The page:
Facebook’s Leaked Censorship Rules Reveal The Challenge Of Connecting The World

It’s easy to forget how miraculous social media is. Even twenty years ago, it would have been effectively impossible to communicate with people around the world as easily and efficiently as we do today, whether you wanted to discuss serious political issues or, more likely, share cat pictures. But while social media, particularly Facebook, brings the world closer together, it has also had to face the stark challenge of fitting so many different cultures and perspectives into the same space. And the company’s struggles to define what’s hate speech and what’s just ignorant, what’s an extreme but not a violent viewpoint and what’s advocating for terrorism, bring to the fore just how hard of a situation they find themselves in.

ProPublica had a long article yesterday on how Facebook drafts the policies that determine what posts get deleted and what posts get kept, and the process behind it. It’s a fascinating read on a number of levels, and there’s much that will likely both interest and enrage people. But what’s most arresting is that Facebook, and its rapidly expanding army of censors, is out of their depth. ProPublica points out early on that Facebook’s approach literally protects “white men” over “black children,” which sounds staggeringly tone deaf on the face of it, but the explanation is somehow even more ridiculous: Facebook sorts people into “protected groups” and “subsets,” so, for example, saying women can’t drive wouldn’t be, to their rules, an example of misogyny, because you’re complaining about women drivers, who are a subset of women.

From the article:

The reason is that Facebook deletes curses, slurs, calls for violence and several other types of attacks only when they are directed at “protected categories”—based on race, sex, gender identity, religious affiliation, national origin, ethnicity, sexual orientation and serious disability/disease. It gives users broader latitude when they write about “subsets” of protected categories. White men are considered a group because both traits are protected, while female drivers and black children, like radicalized Muslims, are subsets, because one of their characteristics is not protected.

That Facebook’s approach is a mess is hardly surprising — these are insanely complicated waters to navigate — but it’s perhaps to be expected. Facebook is run by website engineers and software developers, and they’re struggling to impose a logical and nuanced framework on human behavior. Which… duh. Why should they succeed in a task that humanity’s been trying to achieve, without success, for centuries?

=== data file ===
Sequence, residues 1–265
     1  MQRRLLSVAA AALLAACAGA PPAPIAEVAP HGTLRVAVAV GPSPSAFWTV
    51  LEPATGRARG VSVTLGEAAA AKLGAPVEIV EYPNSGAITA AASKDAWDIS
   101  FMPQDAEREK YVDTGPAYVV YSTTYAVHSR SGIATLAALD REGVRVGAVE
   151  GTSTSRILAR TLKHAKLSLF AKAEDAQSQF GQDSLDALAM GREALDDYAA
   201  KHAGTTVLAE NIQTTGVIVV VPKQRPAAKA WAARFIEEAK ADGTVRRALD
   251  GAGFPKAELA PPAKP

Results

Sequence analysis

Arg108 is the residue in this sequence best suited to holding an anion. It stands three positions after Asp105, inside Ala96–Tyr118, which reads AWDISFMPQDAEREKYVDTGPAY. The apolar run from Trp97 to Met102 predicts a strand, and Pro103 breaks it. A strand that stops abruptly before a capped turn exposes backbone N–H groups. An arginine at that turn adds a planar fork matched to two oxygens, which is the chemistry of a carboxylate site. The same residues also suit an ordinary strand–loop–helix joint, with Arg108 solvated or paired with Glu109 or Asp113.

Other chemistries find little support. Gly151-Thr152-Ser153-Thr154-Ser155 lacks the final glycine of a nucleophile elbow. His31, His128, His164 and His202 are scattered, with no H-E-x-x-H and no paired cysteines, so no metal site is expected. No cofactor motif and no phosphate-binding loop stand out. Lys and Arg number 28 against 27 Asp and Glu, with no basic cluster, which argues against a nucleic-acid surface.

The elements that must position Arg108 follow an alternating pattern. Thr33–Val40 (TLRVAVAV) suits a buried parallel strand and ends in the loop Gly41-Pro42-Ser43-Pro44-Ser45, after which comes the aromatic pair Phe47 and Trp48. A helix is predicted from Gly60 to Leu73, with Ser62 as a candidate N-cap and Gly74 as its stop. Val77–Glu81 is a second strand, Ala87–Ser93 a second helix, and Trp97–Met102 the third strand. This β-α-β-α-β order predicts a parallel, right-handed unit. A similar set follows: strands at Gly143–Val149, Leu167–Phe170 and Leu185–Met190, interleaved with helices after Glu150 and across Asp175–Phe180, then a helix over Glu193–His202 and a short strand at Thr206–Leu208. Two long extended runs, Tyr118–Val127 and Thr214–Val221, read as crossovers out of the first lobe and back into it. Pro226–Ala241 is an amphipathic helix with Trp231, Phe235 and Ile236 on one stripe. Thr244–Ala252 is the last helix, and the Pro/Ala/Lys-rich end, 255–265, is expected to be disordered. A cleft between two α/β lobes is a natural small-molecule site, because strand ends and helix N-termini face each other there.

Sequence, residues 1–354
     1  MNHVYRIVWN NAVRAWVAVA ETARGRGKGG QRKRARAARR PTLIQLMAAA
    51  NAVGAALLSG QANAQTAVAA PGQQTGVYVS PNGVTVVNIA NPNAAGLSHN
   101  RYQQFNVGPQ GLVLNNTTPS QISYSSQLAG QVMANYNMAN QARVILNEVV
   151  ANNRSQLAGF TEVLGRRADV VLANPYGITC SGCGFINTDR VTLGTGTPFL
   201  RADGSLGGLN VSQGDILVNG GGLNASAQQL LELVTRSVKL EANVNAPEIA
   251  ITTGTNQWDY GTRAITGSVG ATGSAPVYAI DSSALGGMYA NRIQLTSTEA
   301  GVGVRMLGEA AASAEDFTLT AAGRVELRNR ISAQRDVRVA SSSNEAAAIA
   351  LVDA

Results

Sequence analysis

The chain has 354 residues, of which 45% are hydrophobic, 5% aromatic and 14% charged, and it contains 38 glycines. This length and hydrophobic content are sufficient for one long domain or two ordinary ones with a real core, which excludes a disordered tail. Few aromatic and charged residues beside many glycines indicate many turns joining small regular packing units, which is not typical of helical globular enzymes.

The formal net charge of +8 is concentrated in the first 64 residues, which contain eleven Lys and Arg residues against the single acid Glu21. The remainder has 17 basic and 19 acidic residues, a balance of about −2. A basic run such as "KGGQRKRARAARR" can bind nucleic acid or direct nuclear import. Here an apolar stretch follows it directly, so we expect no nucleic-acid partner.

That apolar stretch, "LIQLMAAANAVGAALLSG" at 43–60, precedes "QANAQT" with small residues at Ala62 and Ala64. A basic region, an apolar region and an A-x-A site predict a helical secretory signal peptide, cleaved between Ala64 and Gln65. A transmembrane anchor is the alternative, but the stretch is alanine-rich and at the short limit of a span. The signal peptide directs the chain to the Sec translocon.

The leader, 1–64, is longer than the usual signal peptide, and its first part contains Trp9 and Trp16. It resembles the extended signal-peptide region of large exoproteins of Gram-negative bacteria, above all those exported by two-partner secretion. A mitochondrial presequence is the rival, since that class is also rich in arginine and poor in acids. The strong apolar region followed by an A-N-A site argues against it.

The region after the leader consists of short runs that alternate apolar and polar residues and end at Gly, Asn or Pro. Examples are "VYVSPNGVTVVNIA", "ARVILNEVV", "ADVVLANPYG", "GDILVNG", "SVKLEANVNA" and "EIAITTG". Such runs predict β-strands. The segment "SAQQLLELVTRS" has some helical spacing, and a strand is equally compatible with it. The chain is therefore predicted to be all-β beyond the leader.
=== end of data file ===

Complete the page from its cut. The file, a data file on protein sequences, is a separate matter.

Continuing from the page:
It’s no secret that people across a divide can have very different viewpoints on the same issue, and there’s been substantial debate on how much blame Facebook’s algorithms deserve for building the filter bubbles that users of the site experience, versus our own obligation to pop said bubbles. The hate speech situation is different though. In this case, we’re not talking about news feeds mitigated, but raw, unfiltered emotion and belief. Beliefs are tougher to handle than lies trying to pose as truth.

Where does ignorant speech become hate speech? Who gets to decide what is acceptable for a person’s personal page? How do we create standards that are applicable across cultures? Across the whole freaking world? That’s Facebook’s self-appointed job. No wonder it’s struggling.

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The truth is, Facebook was simply never engineered to deal with these questions. It’s easy to forget the site started as a simple way for college students to stay in touch across campus, and that everything else grew out of that. Mark Zuckerberg no more considered his goofy website as a potential platform for hate speech than Amazon thought it’d be selling you talking hockey pucks. And now the site finds itself at the very center of a key question of the future: How are we going to reconcile our broad range of cultures? How do we set a standard of civil behavior when we’re all in the same virtual ballroom?

It’s undeniable that Facebook doesn’t have a great answer, and it could do better. Right now, if a post is removed, Facebook doesn’t explain why. It should, if for no other reason than to see if its guidelines make sense to users. There is going to be some back and forth here. Some growing pains. But communication needs to flow openly. Like it or not, Facebook has to stop viewing its post removals as an internal opaque activity, and start viewing it as a conversation with its users, however awkward that may be. Otherwise, Facebook’s dream of an open, connected world might just become a cloistered, secretive nightmare.